Thursday, 21 August 2008

The Sheperds Check

This is the first serious warp on the scary floor loom. Nothing complicated. Took me 4 days to dress the loom in my time after work. It's good getting a rythm going on the loom finally, it fairly clatters off when you get going. there's going to be about 4 metres. Is nice.

See that blue line on the right hand side? I thought that was a tension error. Turned out there was 6 ends in the dent instead of 3. So i cut 3 out, and there you go. It's ok now though, so who's to worry eh? I still can't figure out exactly how to put the pictures where i want them, it doesn't make any sense how the program arranges them. Very confusing. I think the left-hand selvedge is at low tension, it's all knackered. oh well, never mind, life goes on.


Anonymous said...

Looks great. The "scary" loom seems to be playing nicely. I can't tell scale - is this a scarf or much wider?

humblebumble said...

this is just me making fabric. i don't have a great knack for design, i just love to weave. however, a girl in my class thinks it would make a good table runner and i agree, though my tutor thinks it would make a good ladie's waistcoat. shame i have notailoring skills. it's too wide for a scarf though, and the selvedges are bubbly as anything like

humblebumble said...

i suppose i should explain...

i call it "the scary loom" cos i got it in january and it's been sitting in my back room intimidating me ever since while i "weave samples" on my table loom, which is silly, cos once warped up it's about twice as quick to weave on the big jobber. but it's just such a big thing, and i'm sure you understand how intimidating these things can be when you have no tutor. but i have no other option, i must persevere, cos i just love weaving, it's my only direction in life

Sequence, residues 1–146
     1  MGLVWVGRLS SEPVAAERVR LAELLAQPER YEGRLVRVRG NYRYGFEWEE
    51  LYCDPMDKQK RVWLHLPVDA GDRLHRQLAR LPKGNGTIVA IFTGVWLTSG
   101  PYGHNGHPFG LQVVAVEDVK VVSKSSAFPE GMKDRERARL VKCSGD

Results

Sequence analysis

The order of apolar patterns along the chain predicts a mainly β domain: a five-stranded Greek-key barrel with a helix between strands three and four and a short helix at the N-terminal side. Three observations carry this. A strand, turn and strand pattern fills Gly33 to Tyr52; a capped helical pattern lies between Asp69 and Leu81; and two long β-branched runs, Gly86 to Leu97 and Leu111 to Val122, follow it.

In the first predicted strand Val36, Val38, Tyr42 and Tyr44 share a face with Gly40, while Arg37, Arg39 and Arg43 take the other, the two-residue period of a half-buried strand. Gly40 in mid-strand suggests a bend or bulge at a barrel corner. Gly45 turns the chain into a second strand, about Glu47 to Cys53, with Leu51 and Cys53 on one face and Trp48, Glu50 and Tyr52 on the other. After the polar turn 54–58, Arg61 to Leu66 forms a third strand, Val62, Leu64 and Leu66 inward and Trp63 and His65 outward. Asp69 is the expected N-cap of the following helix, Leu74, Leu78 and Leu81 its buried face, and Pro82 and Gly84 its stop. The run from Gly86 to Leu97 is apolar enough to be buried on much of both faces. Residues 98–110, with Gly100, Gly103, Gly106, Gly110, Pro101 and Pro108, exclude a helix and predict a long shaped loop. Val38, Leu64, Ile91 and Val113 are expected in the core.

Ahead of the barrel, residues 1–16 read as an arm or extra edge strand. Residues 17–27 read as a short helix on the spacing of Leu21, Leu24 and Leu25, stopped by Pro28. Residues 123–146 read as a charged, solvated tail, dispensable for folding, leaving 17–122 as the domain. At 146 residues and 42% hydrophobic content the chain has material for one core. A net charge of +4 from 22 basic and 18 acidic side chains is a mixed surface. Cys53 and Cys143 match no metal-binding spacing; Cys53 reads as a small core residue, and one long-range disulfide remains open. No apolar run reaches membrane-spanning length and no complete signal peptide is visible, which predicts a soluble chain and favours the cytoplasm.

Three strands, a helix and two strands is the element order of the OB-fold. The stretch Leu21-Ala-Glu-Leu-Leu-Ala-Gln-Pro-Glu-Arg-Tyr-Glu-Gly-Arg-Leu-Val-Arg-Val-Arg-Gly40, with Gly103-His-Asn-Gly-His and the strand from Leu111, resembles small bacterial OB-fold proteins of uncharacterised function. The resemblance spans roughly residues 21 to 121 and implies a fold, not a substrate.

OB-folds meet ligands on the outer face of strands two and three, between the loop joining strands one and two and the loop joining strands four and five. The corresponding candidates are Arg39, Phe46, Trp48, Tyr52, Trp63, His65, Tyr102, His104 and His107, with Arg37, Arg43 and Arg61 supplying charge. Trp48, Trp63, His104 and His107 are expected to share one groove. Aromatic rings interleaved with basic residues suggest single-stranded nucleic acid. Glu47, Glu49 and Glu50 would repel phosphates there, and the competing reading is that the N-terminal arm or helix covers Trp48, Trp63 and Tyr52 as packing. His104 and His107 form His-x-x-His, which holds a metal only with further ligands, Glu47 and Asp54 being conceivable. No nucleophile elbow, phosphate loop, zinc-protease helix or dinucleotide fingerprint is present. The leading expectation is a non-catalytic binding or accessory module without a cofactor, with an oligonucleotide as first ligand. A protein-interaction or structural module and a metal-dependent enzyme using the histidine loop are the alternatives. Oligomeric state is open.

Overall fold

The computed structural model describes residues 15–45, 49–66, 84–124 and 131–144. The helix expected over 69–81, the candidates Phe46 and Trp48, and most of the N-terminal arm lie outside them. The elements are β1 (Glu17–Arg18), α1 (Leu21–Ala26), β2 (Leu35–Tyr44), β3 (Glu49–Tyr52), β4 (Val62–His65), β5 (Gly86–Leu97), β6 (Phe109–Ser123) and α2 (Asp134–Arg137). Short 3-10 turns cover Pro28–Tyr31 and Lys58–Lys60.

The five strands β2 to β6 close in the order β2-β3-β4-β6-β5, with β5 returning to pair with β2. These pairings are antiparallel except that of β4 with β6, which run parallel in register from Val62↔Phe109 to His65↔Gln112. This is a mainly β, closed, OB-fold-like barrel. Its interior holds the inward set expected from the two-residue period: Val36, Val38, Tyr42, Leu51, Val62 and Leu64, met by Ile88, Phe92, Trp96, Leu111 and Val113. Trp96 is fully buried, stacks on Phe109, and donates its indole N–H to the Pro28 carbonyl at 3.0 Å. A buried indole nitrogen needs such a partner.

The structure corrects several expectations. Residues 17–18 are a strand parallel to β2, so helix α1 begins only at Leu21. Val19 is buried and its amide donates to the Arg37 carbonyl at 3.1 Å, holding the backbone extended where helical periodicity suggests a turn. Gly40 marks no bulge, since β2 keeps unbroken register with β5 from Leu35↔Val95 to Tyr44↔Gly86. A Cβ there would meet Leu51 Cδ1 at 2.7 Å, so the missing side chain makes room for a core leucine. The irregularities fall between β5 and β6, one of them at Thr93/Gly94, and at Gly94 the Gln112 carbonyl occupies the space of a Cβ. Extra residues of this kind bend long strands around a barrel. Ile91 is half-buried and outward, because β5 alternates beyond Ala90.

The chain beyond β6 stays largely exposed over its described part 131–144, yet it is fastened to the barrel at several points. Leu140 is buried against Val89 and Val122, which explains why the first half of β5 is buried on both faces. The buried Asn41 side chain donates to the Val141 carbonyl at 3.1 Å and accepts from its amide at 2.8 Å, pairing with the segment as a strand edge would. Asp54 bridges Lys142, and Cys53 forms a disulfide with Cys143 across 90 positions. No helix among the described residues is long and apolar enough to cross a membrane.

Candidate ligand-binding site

Leigh said...

Lovely checks! And good color choice. Nobody has perfect selvedges, and yours really don't look all that bad. For having to figure it all out for yourself, I'd say you're doing an excellent job.

Thanks so much for visiting my blog and leaving a comment. The "waffle" weave is so named because once it's off the loom and washed, it has the texture of a waffle. Pretty neat actually.

humblebumble said...


from wikipedia:

"Waffles were first introduced to North America in 1620, by pilgrims who brought the method from Holland. Thomas Jefferson brought a waffle iron from France, and waffle frolics or parties became popular in the late eighteenth century."

Ah, those crazy Jeffersonians. I suppose the equivalent would be pancake tuesday, at the end of Lent. do you do that? I just love pancakes

So, having read up on waffles, and remembering the local equivalent, potato waffles (mmmm, delish), i'm guessing it's got a sort of plain weave background with raised checks. like a dishcloth, or handtowel

I've got the image in my head anyway.

landgirl said...

Hello, I love the shepherd's checks. I enjoyed looking at other blogs, too. Some more waffle trivia for you: in St. Louis at the World Exposition in 1898 --I think. They ran out of dishes for ice cream and the only thing they could think of to use were waffles--they became the ancestor of our ice cream cones.